"Elnézést, hol van itt lift?"

Translation:Excuse me, where is an elevator here?

September 27, 2016

This discussion is locked.


why not "a lift"? I translated where is an elevator here (not very good though), because there was no definite article in the Hungarian sentence.


This question comes up often. I think it is a quirk of English and not Hungarian.

Casual English adds a definite article to elevator (referring to "the elevator" or "the elevators") as if all elevators in a single building/location are the same object. "An elevator" means one of many elevators not specific to the current location.

So one would say: "I am waiting for the elevator" when standing in front of three elevators, and say "I am in an elevator" if talking on a mobile phone to someone not in the building. But one might also say "I am in the elevator in this building" when talking on the phone to someone in the same building (to be specific about the group of elevators), or say "I like to ride the elevator in this building" even if there are many elevators.

The definite article is also used for other kinds of travel which are all identical ("I am going to go on the boat", "I am going to go on the train", "I am going to take the bus") when there are many identical boats, trains, or buses and you will travel on one of them, and it doesn't matter which specific one.

Also, this is in casual english only. Formally, definite/indefinite articles apply to "elevator" the standard way.


Why not "lift" for the English? That is what it is called in England.


This question comes up a lot. Officially, the course is in American English (I believe all English Duolingo courses use American, both to teach English other languages)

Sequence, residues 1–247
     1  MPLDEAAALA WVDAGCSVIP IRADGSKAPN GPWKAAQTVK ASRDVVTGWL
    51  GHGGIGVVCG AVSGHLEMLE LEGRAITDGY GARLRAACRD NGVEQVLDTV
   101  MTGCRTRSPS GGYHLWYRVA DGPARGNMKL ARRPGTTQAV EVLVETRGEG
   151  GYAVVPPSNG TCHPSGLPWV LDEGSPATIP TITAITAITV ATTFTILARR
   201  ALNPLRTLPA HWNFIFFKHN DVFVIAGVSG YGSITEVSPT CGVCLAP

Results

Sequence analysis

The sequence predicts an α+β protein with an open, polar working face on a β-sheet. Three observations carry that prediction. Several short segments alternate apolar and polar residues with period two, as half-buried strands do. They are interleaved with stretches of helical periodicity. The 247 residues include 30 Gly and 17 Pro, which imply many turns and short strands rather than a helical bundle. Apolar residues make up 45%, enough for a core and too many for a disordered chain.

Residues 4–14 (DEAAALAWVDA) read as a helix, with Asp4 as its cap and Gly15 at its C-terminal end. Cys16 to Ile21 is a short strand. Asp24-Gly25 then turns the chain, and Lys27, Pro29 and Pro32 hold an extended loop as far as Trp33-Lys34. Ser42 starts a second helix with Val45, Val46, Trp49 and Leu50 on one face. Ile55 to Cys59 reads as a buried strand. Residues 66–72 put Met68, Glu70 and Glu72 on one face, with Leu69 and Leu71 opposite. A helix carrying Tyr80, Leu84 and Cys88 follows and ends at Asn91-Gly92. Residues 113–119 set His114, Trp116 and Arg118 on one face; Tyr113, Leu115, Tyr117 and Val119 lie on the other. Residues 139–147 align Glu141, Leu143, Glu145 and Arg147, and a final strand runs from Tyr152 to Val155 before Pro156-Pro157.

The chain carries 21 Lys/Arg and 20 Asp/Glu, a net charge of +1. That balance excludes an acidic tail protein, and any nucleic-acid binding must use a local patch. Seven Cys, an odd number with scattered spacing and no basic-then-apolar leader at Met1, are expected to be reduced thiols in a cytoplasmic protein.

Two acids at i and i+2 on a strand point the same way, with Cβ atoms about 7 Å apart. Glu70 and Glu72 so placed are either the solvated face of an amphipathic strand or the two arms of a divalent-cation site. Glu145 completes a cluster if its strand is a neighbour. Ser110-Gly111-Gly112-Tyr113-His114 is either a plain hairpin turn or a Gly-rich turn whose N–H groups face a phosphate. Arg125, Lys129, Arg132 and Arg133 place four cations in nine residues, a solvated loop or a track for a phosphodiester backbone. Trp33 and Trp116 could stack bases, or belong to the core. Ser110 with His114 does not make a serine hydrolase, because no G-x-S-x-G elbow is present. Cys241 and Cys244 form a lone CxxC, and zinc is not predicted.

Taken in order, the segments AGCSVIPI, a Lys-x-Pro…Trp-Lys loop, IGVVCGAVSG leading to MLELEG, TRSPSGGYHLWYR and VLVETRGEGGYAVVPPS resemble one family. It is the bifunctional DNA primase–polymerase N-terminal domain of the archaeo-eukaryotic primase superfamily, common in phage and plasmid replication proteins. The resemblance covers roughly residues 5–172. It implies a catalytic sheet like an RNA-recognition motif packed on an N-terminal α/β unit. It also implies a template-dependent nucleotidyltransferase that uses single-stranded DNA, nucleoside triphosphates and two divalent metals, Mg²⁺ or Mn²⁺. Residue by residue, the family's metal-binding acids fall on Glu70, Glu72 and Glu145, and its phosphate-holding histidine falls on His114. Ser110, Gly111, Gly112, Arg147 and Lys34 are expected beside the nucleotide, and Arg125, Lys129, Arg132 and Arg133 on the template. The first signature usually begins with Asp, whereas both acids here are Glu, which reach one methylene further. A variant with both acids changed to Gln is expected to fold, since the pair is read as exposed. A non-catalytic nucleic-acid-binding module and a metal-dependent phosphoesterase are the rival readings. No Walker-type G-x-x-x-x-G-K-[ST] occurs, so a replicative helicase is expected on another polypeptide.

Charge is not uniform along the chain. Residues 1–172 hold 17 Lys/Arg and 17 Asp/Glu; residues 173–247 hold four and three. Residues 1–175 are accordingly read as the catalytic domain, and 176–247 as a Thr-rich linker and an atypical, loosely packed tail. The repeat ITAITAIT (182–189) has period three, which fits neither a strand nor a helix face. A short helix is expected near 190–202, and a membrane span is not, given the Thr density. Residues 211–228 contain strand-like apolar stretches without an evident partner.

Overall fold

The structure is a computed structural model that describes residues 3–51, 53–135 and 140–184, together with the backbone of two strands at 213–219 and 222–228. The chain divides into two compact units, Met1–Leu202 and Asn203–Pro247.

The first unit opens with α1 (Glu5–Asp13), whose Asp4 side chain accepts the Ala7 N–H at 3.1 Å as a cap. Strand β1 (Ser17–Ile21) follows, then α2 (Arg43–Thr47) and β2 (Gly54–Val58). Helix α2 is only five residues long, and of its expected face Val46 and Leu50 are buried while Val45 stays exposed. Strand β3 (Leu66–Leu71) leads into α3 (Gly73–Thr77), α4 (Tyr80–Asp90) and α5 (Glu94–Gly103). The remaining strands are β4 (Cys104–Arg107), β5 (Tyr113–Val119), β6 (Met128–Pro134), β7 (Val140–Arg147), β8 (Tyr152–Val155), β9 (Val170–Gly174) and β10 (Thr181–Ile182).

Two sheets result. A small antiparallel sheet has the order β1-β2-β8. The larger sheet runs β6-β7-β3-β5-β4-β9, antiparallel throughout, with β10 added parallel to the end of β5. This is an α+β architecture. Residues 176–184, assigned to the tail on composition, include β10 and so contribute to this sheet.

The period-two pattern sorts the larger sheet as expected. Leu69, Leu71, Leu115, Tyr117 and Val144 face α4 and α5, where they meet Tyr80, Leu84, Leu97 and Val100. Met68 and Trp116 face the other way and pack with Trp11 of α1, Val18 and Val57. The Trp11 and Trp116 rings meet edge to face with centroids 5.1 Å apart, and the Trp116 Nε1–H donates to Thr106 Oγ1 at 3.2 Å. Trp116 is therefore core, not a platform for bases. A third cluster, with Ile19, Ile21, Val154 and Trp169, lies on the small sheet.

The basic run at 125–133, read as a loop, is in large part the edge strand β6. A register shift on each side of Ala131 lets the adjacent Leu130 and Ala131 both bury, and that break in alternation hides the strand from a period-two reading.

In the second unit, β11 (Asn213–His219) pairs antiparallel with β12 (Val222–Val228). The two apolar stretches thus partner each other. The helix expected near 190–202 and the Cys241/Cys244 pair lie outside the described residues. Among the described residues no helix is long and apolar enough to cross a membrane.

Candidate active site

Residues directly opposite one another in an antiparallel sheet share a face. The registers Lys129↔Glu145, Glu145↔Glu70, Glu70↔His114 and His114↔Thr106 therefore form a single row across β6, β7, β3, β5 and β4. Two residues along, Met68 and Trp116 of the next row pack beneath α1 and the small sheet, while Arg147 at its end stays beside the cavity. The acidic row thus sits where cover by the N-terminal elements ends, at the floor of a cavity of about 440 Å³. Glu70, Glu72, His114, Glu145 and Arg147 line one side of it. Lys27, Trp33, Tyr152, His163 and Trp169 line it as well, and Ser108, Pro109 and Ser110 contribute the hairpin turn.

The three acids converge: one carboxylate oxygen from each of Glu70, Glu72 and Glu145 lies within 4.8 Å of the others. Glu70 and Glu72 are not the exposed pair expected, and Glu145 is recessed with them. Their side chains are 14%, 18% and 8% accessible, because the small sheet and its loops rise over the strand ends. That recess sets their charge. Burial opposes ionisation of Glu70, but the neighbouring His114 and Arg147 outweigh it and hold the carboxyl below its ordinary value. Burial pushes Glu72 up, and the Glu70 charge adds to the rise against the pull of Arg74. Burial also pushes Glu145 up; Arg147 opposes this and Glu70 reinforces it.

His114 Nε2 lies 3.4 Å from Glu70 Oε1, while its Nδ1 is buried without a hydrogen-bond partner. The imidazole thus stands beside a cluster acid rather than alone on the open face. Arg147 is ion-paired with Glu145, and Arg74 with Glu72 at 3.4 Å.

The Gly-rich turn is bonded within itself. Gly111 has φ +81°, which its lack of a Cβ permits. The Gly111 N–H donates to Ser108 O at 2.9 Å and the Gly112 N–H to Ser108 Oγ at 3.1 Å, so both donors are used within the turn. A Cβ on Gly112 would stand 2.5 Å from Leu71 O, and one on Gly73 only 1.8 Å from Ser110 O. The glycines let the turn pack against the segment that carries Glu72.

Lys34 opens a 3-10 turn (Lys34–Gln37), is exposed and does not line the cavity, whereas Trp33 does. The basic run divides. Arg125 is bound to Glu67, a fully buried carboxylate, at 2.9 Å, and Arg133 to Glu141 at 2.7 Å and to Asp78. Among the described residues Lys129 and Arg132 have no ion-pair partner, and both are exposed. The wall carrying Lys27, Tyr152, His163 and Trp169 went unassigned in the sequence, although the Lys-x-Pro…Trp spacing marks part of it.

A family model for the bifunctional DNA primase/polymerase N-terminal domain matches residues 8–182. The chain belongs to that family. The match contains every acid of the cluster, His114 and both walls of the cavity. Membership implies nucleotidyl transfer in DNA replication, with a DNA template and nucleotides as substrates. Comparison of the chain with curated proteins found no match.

Now, I am not opposed to adding British spelling and vocabulary as alternative translations. And I think they should, within reason. You can report your answers as "should be accepted"

But I also see why they don't prioritize this. When the course is in beta and still has lots of bugs. It's a lot of work to just add all the American acceptable translations. And why stop at British, we might add Canadian, Australian, South African, Indian, etc variants too.


There are plenty of British English alternatives already in the translations. Surely the writers of the course must realise that 'lift' is the Hungarian word because it is a loan word from English.


Why the definite article in the English?


-------- 'cause "where's elevator " isn't english . . .

Big 19 sep 18


I heard the sentence a few times and I am always under the impression that the speaker said: "...hol van egy lift"


-------- report that, "...the audio does not sound correct ... " . . .

Big 21 mar 20


Stilted English translation: how about "where is there an elevator here?"


I agree the English is stilted, but that seems worse to me. I'd have said, "where is an elevator in here?" (or ". . . around here" but Google Translate gives that as ". . . errefelé . . .")


Consider the two questions "Is there an elevator here" and "Is an elevator here". There is a subtle distinction between them. The first question enquires as to whether there is an elevator at all in this place, whereas the second question is asking about whether one of the elevators is here as opposed to somewhere else. In the second question it is implied that there are elevators and the person is looking for any one of them hopefully in this place. In the first question, there might not be any elevator. The question "Where is an elevator here?" sounds strange and implies that an elevator is here and the person is looking for it. The question "Where is there an elevator here?" is the more usual form. It does not imply as much that there is definitely an elevator here.

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